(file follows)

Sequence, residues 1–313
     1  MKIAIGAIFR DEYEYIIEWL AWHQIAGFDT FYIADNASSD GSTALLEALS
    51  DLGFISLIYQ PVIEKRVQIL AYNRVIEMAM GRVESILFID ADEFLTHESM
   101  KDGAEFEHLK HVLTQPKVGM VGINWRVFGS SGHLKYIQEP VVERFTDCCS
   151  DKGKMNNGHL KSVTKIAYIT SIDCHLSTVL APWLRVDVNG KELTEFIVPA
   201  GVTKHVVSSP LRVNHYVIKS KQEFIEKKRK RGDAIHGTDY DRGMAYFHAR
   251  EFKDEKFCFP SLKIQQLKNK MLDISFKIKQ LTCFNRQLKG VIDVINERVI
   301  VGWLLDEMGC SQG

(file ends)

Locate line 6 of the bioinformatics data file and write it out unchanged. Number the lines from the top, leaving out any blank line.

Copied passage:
   201  GVTKHVVSSP LRVNHYVIKS KQEFIEKKRK RGDAIHGTDY DRGMAYFHAR